– Jillian Chong ’22
With rising health concerns amid the recent surge of COVID-19 Omicron cases (thankfully now rapidly declining), how can we stay hopeful and motivated to do work?
Great question! I think that the most important thing to remember is that these waves are temporary – looking forward to the end of each surge (be it Omicron or one in the future) and making plans for things you’re excited to do then is a great way to keep your spirits up. For me, keeping up a physical “Things to Look Forward To” list has allowed me to keep finding hope and small joys in everyday life, even when much of it seems bleak.
Moreover, I would say to immerse yourself in whatever makes you happy! Now, more than ever, it’s important that you take time every day to unwind and shift your attention away from the outside world. This can serve as a reward for productivity as well – telling yourself that you can watch an hour of TV after finishing X amount of work can be a helpful way to stay motivated when there’s less school-imposed structure than usual.
– Maggie Schneider ’22
What are the best ways to prepare for the SAT without needing to take private tutoring?
I would suggest using Khan Academy SAT practice, or using the Z-Library to access SAT practice books. For the verbal section, I recommend Erica Meltzer, and for math I recommend plain old Barron’s or Princeton. You can also buy these books to have a physical copy. Study for fifteen minutes a day after dinner or before bed (whichever works for you, remember to set a time in which you will actually do it). Form a strategy (for example, I found that starting with the short answer section of the math worked better for me than starting with the multiple choice), practice, and master. I believe in you, you’ll do amazing!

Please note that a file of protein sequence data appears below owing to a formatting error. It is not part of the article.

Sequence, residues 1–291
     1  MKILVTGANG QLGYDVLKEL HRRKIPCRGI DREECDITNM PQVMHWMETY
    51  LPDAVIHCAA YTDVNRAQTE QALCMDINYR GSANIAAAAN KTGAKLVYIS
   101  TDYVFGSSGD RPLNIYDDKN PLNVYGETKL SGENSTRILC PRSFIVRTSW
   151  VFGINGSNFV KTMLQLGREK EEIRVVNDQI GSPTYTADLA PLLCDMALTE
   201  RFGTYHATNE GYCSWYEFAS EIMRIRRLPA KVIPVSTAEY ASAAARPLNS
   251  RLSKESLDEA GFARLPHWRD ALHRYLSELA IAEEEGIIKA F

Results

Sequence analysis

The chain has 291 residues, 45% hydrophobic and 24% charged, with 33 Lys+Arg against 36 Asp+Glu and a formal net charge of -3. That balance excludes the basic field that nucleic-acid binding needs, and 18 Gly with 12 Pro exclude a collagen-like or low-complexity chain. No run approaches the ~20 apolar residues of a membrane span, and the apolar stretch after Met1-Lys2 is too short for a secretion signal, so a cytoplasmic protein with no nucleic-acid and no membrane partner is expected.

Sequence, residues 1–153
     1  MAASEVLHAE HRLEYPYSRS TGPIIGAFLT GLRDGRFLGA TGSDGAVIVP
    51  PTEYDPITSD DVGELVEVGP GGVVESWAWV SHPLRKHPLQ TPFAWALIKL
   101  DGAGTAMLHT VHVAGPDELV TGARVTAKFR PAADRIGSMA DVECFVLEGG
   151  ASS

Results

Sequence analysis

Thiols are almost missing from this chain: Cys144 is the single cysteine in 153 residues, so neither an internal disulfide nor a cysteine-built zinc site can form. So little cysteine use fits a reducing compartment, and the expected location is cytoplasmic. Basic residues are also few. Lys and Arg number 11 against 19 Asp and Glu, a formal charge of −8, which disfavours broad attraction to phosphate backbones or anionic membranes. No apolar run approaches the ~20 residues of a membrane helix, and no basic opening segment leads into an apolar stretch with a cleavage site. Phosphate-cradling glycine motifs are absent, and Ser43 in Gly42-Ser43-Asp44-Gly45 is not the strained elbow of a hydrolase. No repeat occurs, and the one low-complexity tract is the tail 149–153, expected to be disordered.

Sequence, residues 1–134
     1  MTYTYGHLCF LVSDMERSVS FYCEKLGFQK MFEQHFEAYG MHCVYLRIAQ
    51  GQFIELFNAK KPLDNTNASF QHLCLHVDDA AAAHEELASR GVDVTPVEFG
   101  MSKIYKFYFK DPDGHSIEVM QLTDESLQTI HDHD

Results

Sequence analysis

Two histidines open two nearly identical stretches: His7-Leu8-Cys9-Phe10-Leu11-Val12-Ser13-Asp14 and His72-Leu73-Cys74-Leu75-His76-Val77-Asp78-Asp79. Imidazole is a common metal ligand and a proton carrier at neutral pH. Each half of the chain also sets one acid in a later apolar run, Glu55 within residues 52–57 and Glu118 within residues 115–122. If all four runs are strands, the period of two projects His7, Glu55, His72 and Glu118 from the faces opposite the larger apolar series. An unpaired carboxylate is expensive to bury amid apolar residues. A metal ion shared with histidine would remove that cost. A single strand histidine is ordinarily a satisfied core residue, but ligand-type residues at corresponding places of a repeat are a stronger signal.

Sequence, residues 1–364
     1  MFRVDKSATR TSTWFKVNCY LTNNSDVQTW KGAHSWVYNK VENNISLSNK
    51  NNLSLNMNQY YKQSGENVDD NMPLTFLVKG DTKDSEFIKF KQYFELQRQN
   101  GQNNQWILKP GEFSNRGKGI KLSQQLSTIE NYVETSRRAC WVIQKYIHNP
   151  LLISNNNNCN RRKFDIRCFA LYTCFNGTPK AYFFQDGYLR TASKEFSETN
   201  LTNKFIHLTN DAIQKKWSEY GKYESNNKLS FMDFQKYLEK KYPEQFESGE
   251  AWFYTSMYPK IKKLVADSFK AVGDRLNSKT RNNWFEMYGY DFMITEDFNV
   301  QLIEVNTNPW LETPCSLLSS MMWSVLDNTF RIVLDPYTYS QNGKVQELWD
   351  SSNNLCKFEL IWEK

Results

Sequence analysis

– Melanie Lin ’22
Can we join clubs in the middle of the year, and is it okay if you are not consistent with it?
Of course! You can join clubs whenever you want. Clubs aren’t as big a commitment as teams so you aren’t required to attend every meeting; just keep in mind that if you want to run for leadership position in that club you will need a certain percentage of attendance. For that information you can ask the specific club’s board members since it can vary.
Clubs are supposed to be fun, so it’s okay when your classes take first priority. You certainly shouldn’t feel bad about having to miss a few meetings, for whatever reason.
Still, be sure to try out as many clubs as possible to try new things and meet new people, it’s never too late to join a club.
– Saamiya Ahmed ’22
There haven’t been as many opportunities to visit colleges in person due to the ongoing COVID-19 pandemic. How would you recommend getting information on a college or university without physically visiting its campus, if you are unable to?